The film begins simply enough showing the mother, Ma , and her son, Jack, living a normal seeming life in a small apartment. There's a bed and a bath and a kitchen. As the story expands, so does your sense of their isolation. The only window in the room is a skylight. They exercise there, play there, do chores there. But never do Ma and Jack ever leave the room. Food is provided. And while Jack wakes up in Ma's bed, you find that when Jack goes to bed he sleeps in the bottom of the wardrobe. When the pedophile Old Nick shows up, there's an electronic series of tones, and Ma puts Jack to bed. Old Nick then gets into bed with Ma.

Jack's toys are simple. They are the occasional books, some of which are beyond his reading age. Others are toys he has made out of everyday objects, like egg shells and toilet paper rolls. Ma tells Jack stories, and they imagine a world beyond that of their small room. But you then realize, Jack has never seen anything or anyone outside the walls of what turns out to be a backyard shed.

Never sensationalized, Room is adeptly told with realism. Theirs is a world of isolation and terror. Old Nick comes for his predatory sex, although you never really see that - it is implied. Then one night Jack is awake and emerges from the wardrobe to find Old Nick in bed with Ma. He quietly walks over to the bed to investigate and Old Nick wakes up. Curious about Jack, he talks to him and Ma wakes up and attacks Old Nick. "Don't ever touch Jack!" Old Nick rolls over on her and nearly chokes her, demonstrating his dominance. He angrily leaves and turns off the power to the room. It's winter and the room gets cold. Very cold. It's then that Ma comes up with her plan to help Jack escape.

Jack is courageous as he pulls off Ma's escape plan. Never having seen anything outside the room, Jack is exposed to a seemingly limitless world, overwhelming to his senses. But Jack is strong. And Jack brings help for Ma. But their struggle is only half over. For while Ma coped with her imprisonment and bringing up Jack in their isolation, now freed she must cope with their freedom and the implications of their confinement and the violence and shame of their life with a pedophile. It's a long, enduring journey. And in the end, it is Jack's strength that rescues Ma.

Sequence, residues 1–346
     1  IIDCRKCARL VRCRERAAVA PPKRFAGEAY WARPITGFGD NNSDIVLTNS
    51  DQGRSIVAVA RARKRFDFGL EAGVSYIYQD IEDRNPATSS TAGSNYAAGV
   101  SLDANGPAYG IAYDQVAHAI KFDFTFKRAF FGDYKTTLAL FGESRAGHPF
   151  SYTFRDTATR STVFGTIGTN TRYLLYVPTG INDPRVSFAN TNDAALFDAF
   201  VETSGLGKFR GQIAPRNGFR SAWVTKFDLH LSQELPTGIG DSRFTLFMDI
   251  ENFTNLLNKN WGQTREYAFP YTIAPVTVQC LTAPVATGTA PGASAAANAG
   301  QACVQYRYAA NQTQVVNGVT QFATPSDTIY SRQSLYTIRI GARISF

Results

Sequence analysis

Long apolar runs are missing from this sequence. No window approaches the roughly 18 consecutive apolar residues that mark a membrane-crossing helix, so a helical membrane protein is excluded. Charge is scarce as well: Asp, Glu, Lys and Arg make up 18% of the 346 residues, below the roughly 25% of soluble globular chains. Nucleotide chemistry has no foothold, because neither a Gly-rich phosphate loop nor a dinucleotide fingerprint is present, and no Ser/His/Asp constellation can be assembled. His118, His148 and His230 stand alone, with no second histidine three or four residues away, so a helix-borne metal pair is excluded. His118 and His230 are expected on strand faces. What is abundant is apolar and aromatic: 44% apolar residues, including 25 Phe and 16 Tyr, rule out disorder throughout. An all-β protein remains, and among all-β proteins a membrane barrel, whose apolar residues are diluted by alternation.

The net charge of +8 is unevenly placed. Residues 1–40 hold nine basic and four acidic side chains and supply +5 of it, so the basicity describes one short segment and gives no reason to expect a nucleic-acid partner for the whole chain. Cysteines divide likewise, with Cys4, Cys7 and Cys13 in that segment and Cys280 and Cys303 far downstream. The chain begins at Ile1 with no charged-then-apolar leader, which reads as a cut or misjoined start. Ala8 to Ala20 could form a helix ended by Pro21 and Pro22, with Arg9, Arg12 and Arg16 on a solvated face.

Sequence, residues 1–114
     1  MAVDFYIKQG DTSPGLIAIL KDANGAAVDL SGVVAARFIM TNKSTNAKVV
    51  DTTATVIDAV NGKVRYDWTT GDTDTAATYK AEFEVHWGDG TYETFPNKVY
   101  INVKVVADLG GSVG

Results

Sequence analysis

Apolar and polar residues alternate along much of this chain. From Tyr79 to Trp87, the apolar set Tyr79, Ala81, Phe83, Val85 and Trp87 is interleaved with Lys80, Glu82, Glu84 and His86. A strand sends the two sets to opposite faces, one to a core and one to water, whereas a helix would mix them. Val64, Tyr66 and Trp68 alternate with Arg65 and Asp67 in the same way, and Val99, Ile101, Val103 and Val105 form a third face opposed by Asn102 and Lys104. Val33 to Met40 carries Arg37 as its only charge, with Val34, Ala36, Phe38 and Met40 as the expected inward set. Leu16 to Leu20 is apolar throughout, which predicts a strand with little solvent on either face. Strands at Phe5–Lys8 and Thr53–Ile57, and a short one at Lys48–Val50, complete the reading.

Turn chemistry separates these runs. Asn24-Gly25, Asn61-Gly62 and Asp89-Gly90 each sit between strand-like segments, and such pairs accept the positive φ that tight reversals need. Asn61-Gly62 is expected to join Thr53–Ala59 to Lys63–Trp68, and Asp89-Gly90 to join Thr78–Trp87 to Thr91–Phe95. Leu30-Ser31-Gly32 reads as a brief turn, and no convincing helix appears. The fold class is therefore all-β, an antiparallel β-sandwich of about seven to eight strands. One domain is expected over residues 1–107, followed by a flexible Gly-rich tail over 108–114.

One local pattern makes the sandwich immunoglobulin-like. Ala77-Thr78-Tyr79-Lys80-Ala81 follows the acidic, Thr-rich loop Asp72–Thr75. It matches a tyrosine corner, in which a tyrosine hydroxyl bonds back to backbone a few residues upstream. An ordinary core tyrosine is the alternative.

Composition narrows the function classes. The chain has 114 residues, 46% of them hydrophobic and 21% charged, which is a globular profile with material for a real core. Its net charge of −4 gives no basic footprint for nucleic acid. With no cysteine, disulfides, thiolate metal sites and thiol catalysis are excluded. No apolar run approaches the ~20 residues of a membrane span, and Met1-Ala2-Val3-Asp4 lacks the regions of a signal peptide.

With extreme sensitivity, Room brilliantly tells the story of their journey. While I don't recommend this film for every audience, it is a story well told for many. I can now see why it was nominated for and won so many top awards. It will help you understand what families go through when a child is kidnapped and is years later rescued.

Saturday, May 14, 2016

Ex Machina: Intelligent AI Movie with a Potent Surprise at the End

Movie Review: Ex Machina (2015)

Ex Machina isn't so much a robot movie as it is a movie about artificial intelligence (AI). It just so happens that this AI has a body and so takes the form of a robot. And so the whole plot for this movie revolves around AI consciousness issues. And it explores those issues intelligently and with a potent surprise at the end.

As the story begins, the main character, Caleb, wins a company competition to spend a week with his reclusive boss, Nathan, on a top secret project. To what purpose? As the smartest, most adept company programmer, it's his job to determine if Nathan's latest AI model, Ava, can pass the Turing Test and appear totally consciously aware.

The setting is a secure remote location that is so removed from civilization, access requires arrival by helicopter and a walk along and across a river. Nathan immediately sets boundaries, like providing access to only certain rooms of the underground bunker by swipe card. And Caleb interviews Ava behind a reinforced-glass barrier. Throughout the interview process, Nathan watches by video - in fact, there are times Nathan watches Caleb by video when Caleb isn't at all aware of the surveillance.

As Caleb interviews Ava, he asks a series of questions to determine if Ava is actually thinking on her own or she is merely acting on an algorithm that mimics individual thought. Pretty soon the question isn't just whether Ava can think on her own, but whether Ava "likes" Caleb. And the questions continue to morph as the interviews progress.

Ava has control over the bunker power and turns it off occasionally, using the short power outages to say things to Caleb while the sound is cut to Nathan. She creates doubt in Caleb's mind whether Nathan is telling Caleb the truth. When Caleb has finally had enough, he creates a plan to escape with Ava.

But then we discover that as much as we think we know what's going on, we find new twists to the plot, twists the lead to a real surprise.

I have to say, this is one of the creepiest AI movies I have seen. I'm not all comfortable with the idea of developing AI to its fullest extent as it is, and Ex Machina does nothing make me any more comfortable with the idea. As a story, it's a brilliantly executed bait-and-switch, not that you aren't expecting twists and turns, but more that you aren't expecting what you finally get.

This movie obviously isn't for kids. Teens will probably lap it up. Techies and geeks will likely love it. If you like science fiction/mystery and technology and are interested in the idea of artificial intelligence, likely you will like Ex Machina, too. But I'm betting you won't see the end coming and it's really worth seeing the movie just for that surprise.